Newgrange roof box
It is well known that Newgrange has a roof box, through which the
winter solstice sun light penetrates up to the chamber of Newgrange.
This window, through which the sun shines on the chamber floor, is
at present times trapezium formed because the light is blocked by
the orthostats R21 and L20, which are leaning towards each other.
These orthostats were not repositioned due to uncertainty on
Former sky window
Looking at the information on hand, the azimuth and apparent altitude of this former
sky window is determined here:
Using the sky window determined by Ray  and using the max.
apparent altitude of 2°40' from Patrick , the sun would
come into the chamber appr. some 48 days (24 days before and after
winter solstice day):
- O'Kelly states that the sun is visible on the chamber floor
from 08:58 until 09:15 BST on Dec. 21st, 1969 (page
123 until 124 of Newgrange).
- Patrick J. states that the azimuth of the sun can vary between
133° 42' and 138° 24' and the apparent altitude
between 51' and 2°40' (Midwinter sunrise at Newgrange,
Nature, 249, 1974, pp 517-519).
- Ray T.P. states that the azimuth of the sun can vary between
133° 49' and 137° 29' and the apparent altitude
between 55' and 2°11' (The winter solstice phenomenon at Newgrange,
Ireland: accident or design?, Nature, 337, 1989, pp 343 -
Remark: The max. apparent altitude of
2°11' is too small (also compared with the report of O'Kelly
 and Frank Prendergast and
Tom Ray [pers. comm., 2001]).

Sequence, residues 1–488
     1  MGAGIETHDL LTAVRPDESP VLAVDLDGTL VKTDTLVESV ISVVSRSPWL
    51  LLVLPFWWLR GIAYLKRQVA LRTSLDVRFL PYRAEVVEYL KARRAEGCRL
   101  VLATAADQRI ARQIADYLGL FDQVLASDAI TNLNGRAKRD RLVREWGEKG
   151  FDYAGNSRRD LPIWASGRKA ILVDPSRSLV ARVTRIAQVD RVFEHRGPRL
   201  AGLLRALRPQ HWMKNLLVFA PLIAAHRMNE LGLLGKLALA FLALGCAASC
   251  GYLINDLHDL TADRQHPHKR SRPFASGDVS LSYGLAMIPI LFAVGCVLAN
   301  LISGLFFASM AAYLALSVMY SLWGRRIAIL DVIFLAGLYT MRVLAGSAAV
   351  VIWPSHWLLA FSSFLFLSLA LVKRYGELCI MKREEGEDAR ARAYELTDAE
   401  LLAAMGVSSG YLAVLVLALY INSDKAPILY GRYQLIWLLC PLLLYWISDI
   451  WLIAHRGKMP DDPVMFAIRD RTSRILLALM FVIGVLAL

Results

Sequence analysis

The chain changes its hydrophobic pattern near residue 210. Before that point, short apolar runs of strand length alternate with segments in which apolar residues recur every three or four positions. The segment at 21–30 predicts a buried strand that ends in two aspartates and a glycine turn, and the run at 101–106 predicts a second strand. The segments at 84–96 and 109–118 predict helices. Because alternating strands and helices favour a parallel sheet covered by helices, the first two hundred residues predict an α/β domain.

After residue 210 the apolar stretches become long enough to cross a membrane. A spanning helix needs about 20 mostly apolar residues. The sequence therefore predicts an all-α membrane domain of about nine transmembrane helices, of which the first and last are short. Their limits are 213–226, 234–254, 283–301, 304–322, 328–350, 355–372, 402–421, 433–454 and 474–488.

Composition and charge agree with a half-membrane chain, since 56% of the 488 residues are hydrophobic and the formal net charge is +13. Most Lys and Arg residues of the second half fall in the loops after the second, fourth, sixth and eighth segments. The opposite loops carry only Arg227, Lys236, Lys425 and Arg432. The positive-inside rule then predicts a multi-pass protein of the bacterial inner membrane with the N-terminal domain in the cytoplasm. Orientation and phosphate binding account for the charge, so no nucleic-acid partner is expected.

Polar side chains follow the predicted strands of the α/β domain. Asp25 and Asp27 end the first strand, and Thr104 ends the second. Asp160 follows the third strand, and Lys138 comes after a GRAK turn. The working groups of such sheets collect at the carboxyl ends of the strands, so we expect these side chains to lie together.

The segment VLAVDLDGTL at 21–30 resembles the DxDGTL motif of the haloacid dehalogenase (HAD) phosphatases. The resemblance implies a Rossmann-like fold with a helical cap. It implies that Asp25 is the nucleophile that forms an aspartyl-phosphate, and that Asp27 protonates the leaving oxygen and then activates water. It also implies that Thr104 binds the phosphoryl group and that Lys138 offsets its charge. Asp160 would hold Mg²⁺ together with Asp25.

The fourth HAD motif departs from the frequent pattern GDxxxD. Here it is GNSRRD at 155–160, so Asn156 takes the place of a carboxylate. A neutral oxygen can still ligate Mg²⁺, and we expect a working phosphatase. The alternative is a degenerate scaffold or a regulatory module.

Sun location on Febr. 6th, 3101 BCE (Julian
Present day sky window
Information on the present day sky window can be deducted from the
above ideas of the former sky window and the following observation:
The following trapezium (or triangular?) formed sky window
(determined by roof box and the leaning in orthostats R21 and L20)
is popping up:
- Martin Brennan states that the first sunlight is on the
chamber floor 11 days before and after winter solstice day (page
80 of The stars and the stones).
More study has to be done to determine the left side of the
trapezium/triangle in more detail.
- the right down corner of the trapezium window
(133° 42', 0° 55') (azimuth, apparent altitude)
- the right upper corner of the trapezium window
(136° 22', 2° 40') (azimuth, apparent altitude)
- the left upper corner of the trapezium window
(???, 2° 40') (azimuth, apparent altitude)
- the left down corner of the trapezium window
(???, 0° 55') (azimuth, apparent altitude)
Full moons can be used to determine the roof box window in more
detail and it also provides the opportunity to simulate the sun
light 5000 years ago. Remember that the below mentioned dates will
only be valid for the region around Newgrange and rise time. Other
conditions (other place or set time) need to be calculated with a
planetarium program (like Skymap). This is due to fast moving moon
on its path.
Sun at winter solstice 3101 BCE, Gregorian calendar
Sun at winter solstice 2001 CE
Full moon risings in the coming years (2001 until 2020) that will
cross the sky window are determined with JPL
The * full moons in 2001 and
2003 are at the same position as the winter solstice sun was in
3100 BCE (the possible building date of Newgrange)!!!
- July 5th,
2001, 22:18 - 22:36 BST (sun at civil twilight).
The moon has simulated the sun's path of winter solstice day
5000 years ago*.
Moon on July 5th, 2001 CE at 22:27 BST
The weather had improved much during the day, but clouds were
still in the way near the horizon:-(. But between 22:24 and
22:32 BST there was a spell: the moon was visible in the sky (video
made beside standing stone GC1 [O 00783 72692] is available).
Moon seen from GC1 at 22:28 BST
During this spell the moon light (as was expected
at civil twilight conditions and such a low apparent altitude of
1°38') was faintly experienced inside the chamber. The
in-chamber pictures made by Dúchas don't show the moon in
the roofbox (they were made at the wrong position).
From 22:42 BST onwards the moon became clearly visible in the